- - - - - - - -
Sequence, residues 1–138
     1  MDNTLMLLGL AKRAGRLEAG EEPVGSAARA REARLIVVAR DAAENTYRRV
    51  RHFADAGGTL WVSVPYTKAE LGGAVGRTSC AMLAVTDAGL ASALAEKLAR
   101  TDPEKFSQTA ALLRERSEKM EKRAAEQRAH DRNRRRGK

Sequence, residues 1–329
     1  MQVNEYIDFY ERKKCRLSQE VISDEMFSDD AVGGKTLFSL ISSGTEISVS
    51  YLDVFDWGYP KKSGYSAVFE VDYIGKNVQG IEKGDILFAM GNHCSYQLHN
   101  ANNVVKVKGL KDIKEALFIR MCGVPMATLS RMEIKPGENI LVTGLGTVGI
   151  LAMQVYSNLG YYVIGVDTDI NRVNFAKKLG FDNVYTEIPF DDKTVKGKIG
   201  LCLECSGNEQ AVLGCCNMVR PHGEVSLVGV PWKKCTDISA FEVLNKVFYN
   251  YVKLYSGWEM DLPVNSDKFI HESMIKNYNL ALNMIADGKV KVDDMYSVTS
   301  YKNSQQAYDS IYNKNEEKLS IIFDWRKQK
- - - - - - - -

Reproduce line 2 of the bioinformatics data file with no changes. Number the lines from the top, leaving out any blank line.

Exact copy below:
     1  MDNTLMLLGL AKRAGRLEAG EEPVGSAARA REARLIVVAR DAAENTYRRV